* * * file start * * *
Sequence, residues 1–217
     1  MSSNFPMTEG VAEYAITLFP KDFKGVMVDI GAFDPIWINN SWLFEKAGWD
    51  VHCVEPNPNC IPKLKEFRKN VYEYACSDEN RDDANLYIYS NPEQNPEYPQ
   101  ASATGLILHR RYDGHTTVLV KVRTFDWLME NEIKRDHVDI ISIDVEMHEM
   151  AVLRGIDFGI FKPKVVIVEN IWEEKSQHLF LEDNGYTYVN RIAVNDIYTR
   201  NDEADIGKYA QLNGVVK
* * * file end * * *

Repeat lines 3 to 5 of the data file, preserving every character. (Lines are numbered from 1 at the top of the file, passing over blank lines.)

    51  VHCVEPNPNC IPKLKEFRKN VYEYACSDEN RDDANLYIYS NPEQNPEYPQ
   101  ASATGLILHR RYDGHTTVLV KVRTFDWLME NEIKRDHVDI ISIDVEMHEM
   151  AVLRGIDFGI FKPKVVIVEN IWEEKSQHLF LEDNGYTYVN RIAVNDIYTR